The fact that gas and oil exporters such as Russia and Azerbaijan have been unable to match earlier growth rates despite significantly increased prices for crude oil indicates that their single-faceted growth model has clearly exhausted itself. Much the same is true for natural gas exporter Turkmenistan, and for Uzbekistan, whose primary export goods are natural gas, gold, cotton and uranium. However, there appears to be little appetite for drawing policy conclusions from these circumstances that will advance structural change. In Russia, the regime’s complacency is reminiscent of the Soviet Union of the 1970s. The country’s autocratic power structures and the thicket of oligarchic-bureaucratic interests are quite clearly hindering fundamental changes. As a result, the public is exerting growing pressure on the regime and showing an increased willingness to engage in protest. In the fall of 2018, this discontent was directed against the government's pension reforms, which significantly raised the official retirement age in breach of previous electoral promises. Such protests have also been prompted by the establishment of Moscow garbage dumps far from the city, and the construction of churches in green spaces, as was recently announced in Yekaterinburg.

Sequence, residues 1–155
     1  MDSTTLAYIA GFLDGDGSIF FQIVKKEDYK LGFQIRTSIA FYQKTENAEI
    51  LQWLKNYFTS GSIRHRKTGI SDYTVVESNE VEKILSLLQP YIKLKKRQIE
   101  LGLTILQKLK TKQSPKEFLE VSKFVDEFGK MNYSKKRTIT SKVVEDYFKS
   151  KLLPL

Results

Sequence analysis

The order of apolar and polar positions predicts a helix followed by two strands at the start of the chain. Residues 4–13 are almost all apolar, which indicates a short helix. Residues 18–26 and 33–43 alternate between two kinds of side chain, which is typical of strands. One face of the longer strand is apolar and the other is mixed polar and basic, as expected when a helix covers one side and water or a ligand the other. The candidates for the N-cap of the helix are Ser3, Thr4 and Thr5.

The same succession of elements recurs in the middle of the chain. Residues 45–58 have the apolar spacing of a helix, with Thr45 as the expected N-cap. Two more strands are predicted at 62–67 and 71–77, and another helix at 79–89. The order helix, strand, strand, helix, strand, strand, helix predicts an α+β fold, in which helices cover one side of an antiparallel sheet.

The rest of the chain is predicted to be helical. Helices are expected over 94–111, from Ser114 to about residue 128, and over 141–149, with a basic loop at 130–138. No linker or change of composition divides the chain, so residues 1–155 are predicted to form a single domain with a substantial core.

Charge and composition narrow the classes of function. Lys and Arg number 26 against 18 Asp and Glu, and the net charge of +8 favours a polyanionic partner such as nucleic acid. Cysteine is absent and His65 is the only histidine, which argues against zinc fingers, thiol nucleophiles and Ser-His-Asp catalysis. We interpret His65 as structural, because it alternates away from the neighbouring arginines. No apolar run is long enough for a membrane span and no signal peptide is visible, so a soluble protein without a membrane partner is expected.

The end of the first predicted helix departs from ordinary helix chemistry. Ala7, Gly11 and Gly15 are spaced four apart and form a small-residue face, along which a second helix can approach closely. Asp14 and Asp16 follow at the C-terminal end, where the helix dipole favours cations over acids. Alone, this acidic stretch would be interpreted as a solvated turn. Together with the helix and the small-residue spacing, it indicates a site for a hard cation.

Following his re-election, President Vladimir Putin established a set of “national projects” that promise improvement, featuring fixed goals and expenditure programs stretching through the end of his term. For example, the plans foresee the expenditure of $98 billion for infrastructure measures, $74 billion for road construction, $26 billion for the healthcare sector, and $88 billion for housing construction, trade and digital transformation. Putin’s expectation that these plans will create a decisive breakthrough represents logic harking back to that of GOSPLAN, the State Planning Committee of the Soviet Union. On the other hand, such concepts should prompt little surprise in a country where the government’s share of the economy has risen from 38% in 2006 to 71% today, and where the share of the economy attributable to private-sector small- and medium-sized enterprises is barely 16% and declining further – and especially since such companies, if they are economically successful, continue to face the perpetual risk of seizure in a hostile takeover by rivals or even public officials. Though there is much talk of a business-friendly investment climate, the reality is very different.